Terren Landscapes http://www.terrenlandscapes.com
Project Entry: Pembrooke Estate Rain Garden
2014 PLNA Awards for Landscape Excellence Winner
Category: Sustainable Landscape &60,000-$120,000
Award Level: Silver
The client contracted our company to solve multiple existing drainage problems. In a heavy rain event the existing French drain system would overflow, causing water to pool in the driveway. After investigating the system we found that the capacity of the French drain was undersized for the amount of storm water from the large rain events received in recent years. As a result of our findings and at the request of the homeowner, we designed a storm water management system to capture all storm water from the structures on the property and regenerate the underground aquifers for the volume of a 5.8” rainstorm. In addition to the new drain system, the homeowners wanted a rain garden to provide a backdrop for an existing formal garden, provide a habitat for wildlife, and provide screening from an adjacent neighbor.
Throughout the design process many challenges were presented, including an existing gas line, which ran directly through the area that best suited the bioswale. The existence of the gas line caused us to alter the shape and depth of the bioswale in some areas. We also inspected the existing downspouts to make sure there were no obstructions that would impede the system’s efficiency, and then conducted a test pit dig to make sure we had sufficient percolation rates for disposal of storm water.
To effectively capture the storm water runoff, the existing downspouts were piped from the main house and the large detached garage to a large catch basin located at the low point in the driveway. The driveway catch basin contains two outlet pipes at different elevations within the basin allowing water from smaller rain events to enter the bioswale and rain garden area to percolate into the soil before excess water overflows into a sediment trap which filters out any debris and is then piped to an underground StormTech® pit to slowly percolate into the ground. The other outlet pipe in the driveway catch basin is used for larger storm water events, taking the water directly to the StormTech® pit.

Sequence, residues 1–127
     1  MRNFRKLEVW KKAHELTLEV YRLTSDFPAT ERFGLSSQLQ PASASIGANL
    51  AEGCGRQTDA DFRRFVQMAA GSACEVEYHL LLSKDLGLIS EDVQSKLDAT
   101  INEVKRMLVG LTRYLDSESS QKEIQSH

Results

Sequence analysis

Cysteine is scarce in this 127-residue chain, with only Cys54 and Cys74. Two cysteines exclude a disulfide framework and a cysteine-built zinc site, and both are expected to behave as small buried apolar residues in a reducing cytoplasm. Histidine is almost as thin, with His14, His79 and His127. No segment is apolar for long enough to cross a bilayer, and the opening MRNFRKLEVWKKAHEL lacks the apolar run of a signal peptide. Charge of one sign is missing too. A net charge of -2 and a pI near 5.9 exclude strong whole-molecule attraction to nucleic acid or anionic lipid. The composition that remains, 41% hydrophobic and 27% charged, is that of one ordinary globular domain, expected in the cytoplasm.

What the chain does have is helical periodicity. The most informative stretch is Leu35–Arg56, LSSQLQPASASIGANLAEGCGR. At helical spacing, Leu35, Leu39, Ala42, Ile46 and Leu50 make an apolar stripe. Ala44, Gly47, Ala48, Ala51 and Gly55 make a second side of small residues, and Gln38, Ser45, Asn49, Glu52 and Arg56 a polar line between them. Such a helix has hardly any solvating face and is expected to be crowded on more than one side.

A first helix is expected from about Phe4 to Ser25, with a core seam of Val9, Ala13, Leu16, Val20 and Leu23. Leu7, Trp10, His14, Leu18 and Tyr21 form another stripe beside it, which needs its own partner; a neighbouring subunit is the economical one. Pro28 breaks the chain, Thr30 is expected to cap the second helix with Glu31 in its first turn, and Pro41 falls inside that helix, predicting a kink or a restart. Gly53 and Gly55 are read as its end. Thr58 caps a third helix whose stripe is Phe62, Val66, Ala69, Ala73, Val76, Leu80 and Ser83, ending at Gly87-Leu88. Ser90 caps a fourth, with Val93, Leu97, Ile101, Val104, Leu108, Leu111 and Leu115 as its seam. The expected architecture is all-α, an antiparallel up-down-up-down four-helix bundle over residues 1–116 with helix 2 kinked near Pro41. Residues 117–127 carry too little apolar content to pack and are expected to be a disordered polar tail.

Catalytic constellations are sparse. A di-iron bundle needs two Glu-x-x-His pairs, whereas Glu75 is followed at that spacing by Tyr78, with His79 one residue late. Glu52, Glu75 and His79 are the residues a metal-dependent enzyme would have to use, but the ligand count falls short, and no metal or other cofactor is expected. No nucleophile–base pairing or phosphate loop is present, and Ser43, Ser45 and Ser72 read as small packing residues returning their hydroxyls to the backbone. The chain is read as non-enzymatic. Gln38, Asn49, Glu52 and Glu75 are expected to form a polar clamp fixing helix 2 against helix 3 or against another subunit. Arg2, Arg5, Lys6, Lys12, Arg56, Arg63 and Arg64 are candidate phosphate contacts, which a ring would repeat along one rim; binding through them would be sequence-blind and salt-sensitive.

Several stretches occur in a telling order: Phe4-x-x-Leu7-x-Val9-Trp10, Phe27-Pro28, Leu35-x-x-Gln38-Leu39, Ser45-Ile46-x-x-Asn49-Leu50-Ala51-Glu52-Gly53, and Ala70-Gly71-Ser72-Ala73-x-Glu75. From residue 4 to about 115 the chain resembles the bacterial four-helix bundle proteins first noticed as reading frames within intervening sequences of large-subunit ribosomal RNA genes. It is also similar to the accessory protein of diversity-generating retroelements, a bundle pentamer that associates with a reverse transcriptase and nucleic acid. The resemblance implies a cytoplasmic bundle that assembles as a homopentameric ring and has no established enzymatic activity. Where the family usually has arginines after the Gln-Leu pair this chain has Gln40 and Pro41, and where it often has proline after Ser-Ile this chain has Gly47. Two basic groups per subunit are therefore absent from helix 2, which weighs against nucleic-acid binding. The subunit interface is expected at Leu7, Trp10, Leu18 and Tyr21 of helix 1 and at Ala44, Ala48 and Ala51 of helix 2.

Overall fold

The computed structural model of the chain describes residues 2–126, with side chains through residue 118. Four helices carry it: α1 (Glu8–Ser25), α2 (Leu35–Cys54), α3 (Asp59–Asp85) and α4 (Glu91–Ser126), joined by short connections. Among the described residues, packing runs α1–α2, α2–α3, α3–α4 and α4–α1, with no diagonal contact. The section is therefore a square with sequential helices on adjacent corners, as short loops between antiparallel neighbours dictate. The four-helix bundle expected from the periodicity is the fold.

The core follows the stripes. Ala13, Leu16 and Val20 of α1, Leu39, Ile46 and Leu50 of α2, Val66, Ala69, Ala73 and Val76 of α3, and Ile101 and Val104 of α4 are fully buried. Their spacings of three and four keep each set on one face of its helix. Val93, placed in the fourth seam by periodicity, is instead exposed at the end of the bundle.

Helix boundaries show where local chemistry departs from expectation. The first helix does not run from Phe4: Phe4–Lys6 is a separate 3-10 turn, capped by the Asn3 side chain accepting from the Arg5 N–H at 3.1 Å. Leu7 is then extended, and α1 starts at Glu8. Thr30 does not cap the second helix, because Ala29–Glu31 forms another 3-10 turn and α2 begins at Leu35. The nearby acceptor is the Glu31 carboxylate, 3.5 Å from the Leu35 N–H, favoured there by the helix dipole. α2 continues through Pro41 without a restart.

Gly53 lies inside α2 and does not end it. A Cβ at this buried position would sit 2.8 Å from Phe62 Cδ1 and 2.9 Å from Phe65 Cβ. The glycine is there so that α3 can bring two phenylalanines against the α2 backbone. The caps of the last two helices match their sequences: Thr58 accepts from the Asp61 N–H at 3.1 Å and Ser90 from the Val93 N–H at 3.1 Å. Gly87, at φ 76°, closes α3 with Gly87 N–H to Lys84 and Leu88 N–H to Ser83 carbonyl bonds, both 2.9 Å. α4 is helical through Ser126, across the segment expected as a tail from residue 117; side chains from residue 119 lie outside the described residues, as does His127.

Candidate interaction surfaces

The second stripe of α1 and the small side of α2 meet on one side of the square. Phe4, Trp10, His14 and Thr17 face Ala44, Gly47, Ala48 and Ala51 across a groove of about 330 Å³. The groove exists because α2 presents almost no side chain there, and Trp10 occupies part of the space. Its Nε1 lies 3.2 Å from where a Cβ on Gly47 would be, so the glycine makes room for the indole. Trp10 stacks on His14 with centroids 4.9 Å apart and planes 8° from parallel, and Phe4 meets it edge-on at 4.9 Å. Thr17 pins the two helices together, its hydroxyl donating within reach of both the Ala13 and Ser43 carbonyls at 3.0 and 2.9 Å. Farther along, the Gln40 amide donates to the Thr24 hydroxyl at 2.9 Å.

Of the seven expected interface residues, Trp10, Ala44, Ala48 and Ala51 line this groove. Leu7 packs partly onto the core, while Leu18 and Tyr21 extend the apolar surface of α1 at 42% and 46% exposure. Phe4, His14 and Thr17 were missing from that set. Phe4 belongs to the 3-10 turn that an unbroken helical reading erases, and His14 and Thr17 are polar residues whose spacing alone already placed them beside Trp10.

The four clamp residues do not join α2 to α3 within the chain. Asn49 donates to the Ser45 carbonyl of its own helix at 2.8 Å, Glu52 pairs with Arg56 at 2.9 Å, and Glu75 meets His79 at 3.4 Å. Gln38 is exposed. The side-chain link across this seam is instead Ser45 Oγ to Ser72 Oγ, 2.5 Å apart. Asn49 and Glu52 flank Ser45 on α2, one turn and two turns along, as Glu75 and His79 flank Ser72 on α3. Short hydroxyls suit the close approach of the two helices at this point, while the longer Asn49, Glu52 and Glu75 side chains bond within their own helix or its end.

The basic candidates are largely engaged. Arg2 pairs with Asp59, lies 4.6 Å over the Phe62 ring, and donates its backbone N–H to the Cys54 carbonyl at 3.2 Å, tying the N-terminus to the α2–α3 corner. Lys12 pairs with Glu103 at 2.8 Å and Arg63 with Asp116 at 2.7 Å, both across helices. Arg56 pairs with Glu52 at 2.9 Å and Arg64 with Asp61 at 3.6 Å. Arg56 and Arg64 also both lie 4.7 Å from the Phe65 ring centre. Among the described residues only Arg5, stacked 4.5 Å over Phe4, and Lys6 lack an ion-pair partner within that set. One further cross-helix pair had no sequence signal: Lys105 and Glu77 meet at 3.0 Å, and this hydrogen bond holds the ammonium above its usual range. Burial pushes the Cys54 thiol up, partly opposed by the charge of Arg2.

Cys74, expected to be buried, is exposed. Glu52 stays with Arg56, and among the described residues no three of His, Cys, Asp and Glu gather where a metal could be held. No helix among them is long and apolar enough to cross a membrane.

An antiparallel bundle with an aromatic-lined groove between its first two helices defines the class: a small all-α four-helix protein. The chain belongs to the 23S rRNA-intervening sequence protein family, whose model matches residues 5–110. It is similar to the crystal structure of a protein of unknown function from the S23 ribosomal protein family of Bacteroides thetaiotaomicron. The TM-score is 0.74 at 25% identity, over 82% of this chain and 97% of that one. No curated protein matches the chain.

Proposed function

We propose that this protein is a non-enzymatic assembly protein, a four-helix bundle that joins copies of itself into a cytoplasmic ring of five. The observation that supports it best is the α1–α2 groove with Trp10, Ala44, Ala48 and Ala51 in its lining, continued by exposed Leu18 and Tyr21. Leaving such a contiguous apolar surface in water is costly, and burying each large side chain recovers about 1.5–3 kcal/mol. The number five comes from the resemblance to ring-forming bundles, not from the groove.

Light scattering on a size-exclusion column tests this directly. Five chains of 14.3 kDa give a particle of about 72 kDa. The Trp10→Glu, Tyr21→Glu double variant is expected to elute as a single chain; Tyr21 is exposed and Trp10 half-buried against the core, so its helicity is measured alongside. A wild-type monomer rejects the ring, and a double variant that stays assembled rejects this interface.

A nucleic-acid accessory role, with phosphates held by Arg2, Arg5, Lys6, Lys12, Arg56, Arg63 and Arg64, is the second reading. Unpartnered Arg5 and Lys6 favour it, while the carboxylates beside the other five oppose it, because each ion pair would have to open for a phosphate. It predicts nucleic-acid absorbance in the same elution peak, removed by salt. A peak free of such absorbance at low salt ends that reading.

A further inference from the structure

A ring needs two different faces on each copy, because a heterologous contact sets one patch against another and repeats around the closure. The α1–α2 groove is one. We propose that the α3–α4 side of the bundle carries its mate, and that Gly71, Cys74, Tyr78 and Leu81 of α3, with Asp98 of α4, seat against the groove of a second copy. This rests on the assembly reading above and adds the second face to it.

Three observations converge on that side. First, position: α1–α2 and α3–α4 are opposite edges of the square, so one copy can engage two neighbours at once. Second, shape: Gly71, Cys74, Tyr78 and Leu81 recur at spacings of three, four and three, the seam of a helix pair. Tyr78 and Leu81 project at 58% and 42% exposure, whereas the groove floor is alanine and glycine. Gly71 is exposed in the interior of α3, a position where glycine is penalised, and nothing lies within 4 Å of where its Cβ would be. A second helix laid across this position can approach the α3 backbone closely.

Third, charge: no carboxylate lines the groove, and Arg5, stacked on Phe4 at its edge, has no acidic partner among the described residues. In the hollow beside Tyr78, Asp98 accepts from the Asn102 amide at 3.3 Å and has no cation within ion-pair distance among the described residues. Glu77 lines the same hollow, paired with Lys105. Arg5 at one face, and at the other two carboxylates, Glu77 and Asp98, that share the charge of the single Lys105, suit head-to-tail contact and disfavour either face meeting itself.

Accepting and slowing the velocity of the storm water, mitigation of erosion, and filtering out pollutants contained in the “first flush” of rainfall are the primary functions of the bioswale and rain garden. Planting these areas with mostly native plant species helps carry out these functions while attracting and providing shelter for wildlife.
The ‘Niobe’ weeping willow is the centerpiece of the rain garden, connecting with the axis of the existing formal garden. To screen the neighboring property we chose Chamaecyparis nootkatensis ‘Pendula’ for its graceful evergreen habit and tolerance of wet sites. ‘Ivory Halo’ dogwood and Panicum ‘Cloud Nine’ were used for screening as well as winter interest. To provide deciduous structure to the garden Taxodium distichum and Magnolia virginiana were used in conjunction with witch hazel. Mostly native wetland perennials were used due to their tolerance of wet conditions and occasional drought.
The area above the StormTech® pit provides space for the client’s family to relax. The rain garden and bioswale provide screening, storm water management, a habitat for wildlife, and plants that enhance the adjacent formal garden.
Photo Credit: Terren Landscapes
French drain edge - rudywgal